Sitting behind the reception desk at the International Institute of Minnesota (IIM), Hibo Khalaf displays both poise and professionalism. However, it was not too long ago she stood on the other side of the desk. When her family first arrived here as refugees five years ago, they needed IIM to help with their adjustment to American life. Now as Independence Day looms, Khalaf feels a stronger connection to her adopted homeland. Any day now, she will be sworn in as a US citizen.
Although Khalaf was only nine when her family fled war torn Somalia, she still has vivid memories of the fighting in her homeland. Khalaf cringes when recalling the horrors she experienced as a child.
“I get some flashbacks. They’re kind of gruesome…the gun shots, running for our lives,” Khalaf said.
The third oldest of ten children, Khalaf and her parents and siblings all made it to a refugee camp in Kenya. However, Khalaf had such a severe allergic reaction to the dust in the camp her health was in jeopardy. Fortunately, one aunt had settled in Mombasa, Kenya several years before; she invited Khalaf to live with her. That arrangement afforded Khalaf the opportunity to attend school and become proficient in English.
Khalaf’s family was finally able to leave Kenya when she was 22 years old. Her parents moved the entire family to the United States. That is, all but one; her oldest brother was separated from them in transition.
“We lost one brother before we came here. We don’t know where he is,” Khalaf said.
When Khalaf’s family arrived in Minnesota in 2004, they needed help navigating the bureaucratic maze of services. Like many immigrants and refugees, they turned to the International Institute of Minnesota.
Located near the Fairgrounds at 1694 Como Avenue, IIM is perhaps most known for hosting the Festival of Nations each year in downtown Saint Paul. However, their primary purpose since 1919 is to aid in the transition of immigrants and refugees into American society. Services such as the Refugee Resettlement Program, Mentoring Program and Education/Employment Services lessen the complexities of relocating to another country.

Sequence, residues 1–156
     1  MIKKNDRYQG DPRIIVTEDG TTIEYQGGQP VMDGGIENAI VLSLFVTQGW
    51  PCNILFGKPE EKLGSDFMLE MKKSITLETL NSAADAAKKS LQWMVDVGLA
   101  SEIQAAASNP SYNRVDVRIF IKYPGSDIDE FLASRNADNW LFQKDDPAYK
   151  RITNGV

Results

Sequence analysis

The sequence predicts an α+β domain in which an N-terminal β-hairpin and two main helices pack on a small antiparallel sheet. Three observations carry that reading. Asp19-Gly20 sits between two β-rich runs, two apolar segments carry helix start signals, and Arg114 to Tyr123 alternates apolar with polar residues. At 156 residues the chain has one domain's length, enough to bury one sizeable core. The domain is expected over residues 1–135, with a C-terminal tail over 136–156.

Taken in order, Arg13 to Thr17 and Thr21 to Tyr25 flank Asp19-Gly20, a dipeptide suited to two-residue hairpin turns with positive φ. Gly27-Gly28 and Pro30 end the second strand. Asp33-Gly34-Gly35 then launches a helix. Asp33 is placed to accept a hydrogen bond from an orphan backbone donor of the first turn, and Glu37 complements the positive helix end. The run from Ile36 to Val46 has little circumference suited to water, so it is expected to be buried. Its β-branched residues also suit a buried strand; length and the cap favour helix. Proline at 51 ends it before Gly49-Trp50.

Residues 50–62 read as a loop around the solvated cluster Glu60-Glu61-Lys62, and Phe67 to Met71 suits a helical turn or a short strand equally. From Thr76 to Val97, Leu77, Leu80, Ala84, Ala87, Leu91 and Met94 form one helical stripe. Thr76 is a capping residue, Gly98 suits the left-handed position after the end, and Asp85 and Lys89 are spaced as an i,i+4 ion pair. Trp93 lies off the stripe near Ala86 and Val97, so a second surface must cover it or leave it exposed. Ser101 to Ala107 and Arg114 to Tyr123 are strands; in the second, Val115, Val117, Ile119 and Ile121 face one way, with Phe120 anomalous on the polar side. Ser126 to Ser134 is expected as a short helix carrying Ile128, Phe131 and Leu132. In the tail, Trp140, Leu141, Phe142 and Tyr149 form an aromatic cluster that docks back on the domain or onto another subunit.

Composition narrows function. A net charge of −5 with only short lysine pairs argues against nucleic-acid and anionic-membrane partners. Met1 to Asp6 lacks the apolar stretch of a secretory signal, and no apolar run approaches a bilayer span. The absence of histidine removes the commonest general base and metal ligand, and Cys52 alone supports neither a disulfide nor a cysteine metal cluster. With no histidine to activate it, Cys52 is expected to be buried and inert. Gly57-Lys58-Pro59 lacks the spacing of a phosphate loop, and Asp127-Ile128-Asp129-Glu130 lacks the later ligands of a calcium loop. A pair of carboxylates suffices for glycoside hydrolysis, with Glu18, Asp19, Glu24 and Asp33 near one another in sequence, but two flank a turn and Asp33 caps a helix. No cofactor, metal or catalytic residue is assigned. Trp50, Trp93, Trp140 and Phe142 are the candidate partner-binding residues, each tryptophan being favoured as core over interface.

“We want to help refuges and immigrants find jobs,” said Vicki McKenna, Director of Development and Operations. Hibo is an example of some of our clients. We are often the first step.”
The programs at IIM were paramount in helping Khalaf’s family settle in Minnesota. With their assistance, Khalaf earned her GED and secured employment. Now she is taking classes at St. Paul Community and Technical College. Khalaf is hoping to pursue a career in either public health or midwifery.
Khalaf also utilized IIM’s services to complete the citizenship process. “Coralene [the citizenship counselor] helped me fill out citizenship papers,” Khalaf said. “They’re all like a family to me.”
On June 25, Khalaf successfully passed the INS citizenship interview. The final step is the swearing in ceremony for which she will be notified shortly. Khalaf’s face lights up like a sparkler when talking about becoming a citizen.
“I’m not a citizen yet…I’m a citizen-in-waiting,” Khalaf said. “Sometimes, you just want to belong.”
Deb Pleasants worked as a probation officer for 15 years prior to becoming a stay-at-home-mom. In addition to caring for her son, she is a freelance writer and citizen journalist. She resides in St. Paul with her family.
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